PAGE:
Debugging Windows Programs: Strategies, Tools, and Techniques for Visual C++ Programmers

Overview

For professional software developers, debugging is a way of life. This book is the definitive guide to Windows debugging, providing developers with the strategies and techniques they need to fulfill one of their most important responsibilities efficiently and effectively.

Debugging Windows Programs shows readers how to prevent bugs by taking full advantage of the Visual C++ development tools and writing code in a way that makes certain types of bugs impossible. They also will ...

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Overview

For professional software developers, debugging is a way of life. This book is the definitive guide to Windows debugging, providing developers with the strategies and techniques they need to fulfill one of their most important responsibilities efficiently and effectively.

Debugging Windows Programs shows readers how to prevent bugs by taking full advantage of the Visual C++ development tools and writing code in a way that makes certain types of bugs impossible. They also will learn how to reveal bugs with debugging statements that force bugs to expose themselves when the program is executed, and how to make the most of debugging tools and features available in Windows, Visual C++, MFC, and ATL. The authors provide specific solutions to the most common debugging problems, including memory corruption, resource leaks, stack problems, release build problems, finding crash locations, and multithreading problems.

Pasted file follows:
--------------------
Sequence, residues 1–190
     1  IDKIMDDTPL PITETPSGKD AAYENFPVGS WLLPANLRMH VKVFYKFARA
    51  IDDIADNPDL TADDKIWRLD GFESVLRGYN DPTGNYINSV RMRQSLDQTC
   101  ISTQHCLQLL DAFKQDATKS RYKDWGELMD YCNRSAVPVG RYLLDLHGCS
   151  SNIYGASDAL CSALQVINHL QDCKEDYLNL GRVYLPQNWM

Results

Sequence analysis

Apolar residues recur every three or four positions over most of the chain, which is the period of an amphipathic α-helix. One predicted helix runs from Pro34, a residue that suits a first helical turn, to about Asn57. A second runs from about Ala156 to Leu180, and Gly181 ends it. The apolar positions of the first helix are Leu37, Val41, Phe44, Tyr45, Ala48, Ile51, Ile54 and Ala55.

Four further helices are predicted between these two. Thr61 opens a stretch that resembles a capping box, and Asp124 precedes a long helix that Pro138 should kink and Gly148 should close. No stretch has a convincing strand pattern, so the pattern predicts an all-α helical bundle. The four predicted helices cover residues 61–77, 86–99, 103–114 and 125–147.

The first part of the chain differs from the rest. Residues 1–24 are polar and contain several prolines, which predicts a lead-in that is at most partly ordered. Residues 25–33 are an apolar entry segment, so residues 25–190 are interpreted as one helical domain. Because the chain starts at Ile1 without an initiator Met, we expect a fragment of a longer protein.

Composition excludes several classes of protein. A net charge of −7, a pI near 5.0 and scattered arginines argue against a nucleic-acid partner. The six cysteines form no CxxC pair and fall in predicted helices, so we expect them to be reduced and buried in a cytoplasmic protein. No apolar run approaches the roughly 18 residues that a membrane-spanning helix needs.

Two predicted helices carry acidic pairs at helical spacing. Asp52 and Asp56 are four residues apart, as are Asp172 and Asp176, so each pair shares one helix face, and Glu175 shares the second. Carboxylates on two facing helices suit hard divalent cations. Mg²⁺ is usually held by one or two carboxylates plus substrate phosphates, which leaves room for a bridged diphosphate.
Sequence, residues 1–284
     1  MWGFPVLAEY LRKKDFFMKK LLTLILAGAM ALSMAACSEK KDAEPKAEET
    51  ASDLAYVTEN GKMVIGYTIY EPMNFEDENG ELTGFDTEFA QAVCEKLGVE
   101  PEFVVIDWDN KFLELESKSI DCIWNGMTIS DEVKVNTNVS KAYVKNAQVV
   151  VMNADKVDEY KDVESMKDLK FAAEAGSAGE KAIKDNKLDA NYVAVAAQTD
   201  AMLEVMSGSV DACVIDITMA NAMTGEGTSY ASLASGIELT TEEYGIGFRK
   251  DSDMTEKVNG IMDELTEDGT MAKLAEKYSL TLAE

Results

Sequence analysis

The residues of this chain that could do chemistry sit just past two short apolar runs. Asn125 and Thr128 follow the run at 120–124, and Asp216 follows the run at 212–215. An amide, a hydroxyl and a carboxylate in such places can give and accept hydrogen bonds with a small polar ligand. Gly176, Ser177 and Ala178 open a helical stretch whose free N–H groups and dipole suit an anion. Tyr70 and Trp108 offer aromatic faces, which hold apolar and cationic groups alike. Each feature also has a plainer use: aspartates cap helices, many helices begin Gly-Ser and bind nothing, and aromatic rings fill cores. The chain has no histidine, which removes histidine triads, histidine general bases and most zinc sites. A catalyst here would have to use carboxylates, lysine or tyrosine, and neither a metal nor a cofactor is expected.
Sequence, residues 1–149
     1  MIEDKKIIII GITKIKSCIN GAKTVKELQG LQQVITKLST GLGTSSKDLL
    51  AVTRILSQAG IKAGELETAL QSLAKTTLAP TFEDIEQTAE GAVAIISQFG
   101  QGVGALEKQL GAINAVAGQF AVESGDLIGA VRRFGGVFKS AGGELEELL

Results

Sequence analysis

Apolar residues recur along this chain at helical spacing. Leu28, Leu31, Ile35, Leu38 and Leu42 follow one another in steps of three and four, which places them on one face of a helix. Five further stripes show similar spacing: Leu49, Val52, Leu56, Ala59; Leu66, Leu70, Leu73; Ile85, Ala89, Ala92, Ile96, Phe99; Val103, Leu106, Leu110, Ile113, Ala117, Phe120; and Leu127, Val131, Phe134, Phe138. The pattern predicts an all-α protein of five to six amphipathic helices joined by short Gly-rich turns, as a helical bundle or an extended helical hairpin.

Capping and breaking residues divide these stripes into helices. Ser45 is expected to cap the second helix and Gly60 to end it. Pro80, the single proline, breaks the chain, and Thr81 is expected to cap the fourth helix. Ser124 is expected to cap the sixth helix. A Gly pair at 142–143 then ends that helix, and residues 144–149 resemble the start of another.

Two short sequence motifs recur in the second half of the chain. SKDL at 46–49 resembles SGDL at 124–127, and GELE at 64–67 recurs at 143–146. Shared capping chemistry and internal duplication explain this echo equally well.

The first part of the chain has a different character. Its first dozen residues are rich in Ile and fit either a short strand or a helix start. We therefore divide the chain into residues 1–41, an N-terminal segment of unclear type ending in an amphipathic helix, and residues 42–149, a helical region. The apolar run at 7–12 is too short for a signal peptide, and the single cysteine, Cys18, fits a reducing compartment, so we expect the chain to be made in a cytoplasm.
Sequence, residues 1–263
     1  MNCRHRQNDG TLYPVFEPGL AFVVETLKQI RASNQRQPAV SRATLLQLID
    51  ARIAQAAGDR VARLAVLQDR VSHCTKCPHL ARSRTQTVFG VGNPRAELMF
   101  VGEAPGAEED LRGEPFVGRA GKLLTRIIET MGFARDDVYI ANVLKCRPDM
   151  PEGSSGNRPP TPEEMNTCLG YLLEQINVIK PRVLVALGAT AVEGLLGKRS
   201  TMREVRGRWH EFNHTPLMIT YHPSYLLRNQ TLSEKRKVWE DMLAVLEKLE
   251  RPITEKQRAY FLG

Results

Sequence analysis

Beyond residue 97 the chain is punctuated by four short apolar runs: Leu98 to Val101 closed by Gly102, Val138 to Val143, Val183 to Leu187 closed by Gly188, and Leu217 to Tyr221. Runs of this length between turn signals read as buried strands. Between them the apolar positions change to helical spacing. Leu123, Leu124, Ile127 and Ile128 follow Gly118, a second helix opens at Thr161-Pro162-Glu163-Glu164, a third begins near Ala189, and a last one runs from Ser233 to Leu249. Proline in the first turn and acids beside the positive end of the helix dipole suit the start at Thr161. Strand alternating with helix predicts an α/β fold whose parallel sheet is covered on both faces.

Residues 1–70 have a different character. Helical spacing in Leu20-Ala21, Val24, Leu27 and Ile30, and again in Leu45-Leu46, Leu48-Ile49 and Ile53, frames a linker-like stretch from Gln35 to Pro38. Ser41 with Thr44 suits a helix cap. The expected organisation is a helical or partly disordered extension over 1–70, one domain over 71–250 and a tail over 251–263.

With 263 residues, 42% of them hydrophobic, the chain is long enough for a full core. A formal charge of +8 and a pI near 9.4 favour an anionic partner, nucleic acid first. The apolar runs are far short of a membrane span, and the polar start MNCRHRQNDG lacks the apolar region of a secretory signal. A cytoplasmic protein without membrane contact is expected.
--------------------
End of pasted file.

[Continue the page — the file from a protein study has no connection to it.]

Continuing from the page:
These essential topics are covered:

  • The debugging process
  • Writing C++ code for debugging
  • Strategically using assertions, trace statements, and exceptions
  • Windows postmortem debugging using Dr. Watson and MAP files
  • Using the Visual C++ debugger
  • Debugging memory
  • Debugging multithreaded programs
  • Debugging COM

Each chapter provides developers with exactly what they need to master the subject and improve development productivity and software quality.

Comprehensive, current, and practical, Debugging Windows Programs helps developers understand the debugging process and make the most of the Visual C++ debugging tools.

020170238XB04062001

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Editorial Reviews

Booknews
Shows how to prevent bugs by taking advantage of the Visual C++ development tools and writing code in a way that makes certain types of bugs impossible. The authors recommend the use of debugging statements that force bugs to expose themselves when the program is executed, and provide specific solutions to the most common debugging problems, including memory corruption, resource leaks, stack problems, release build problems, and finding crash locations. Annotation c. Book News, Inc., Portland, OR (booknews.com)
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Product Details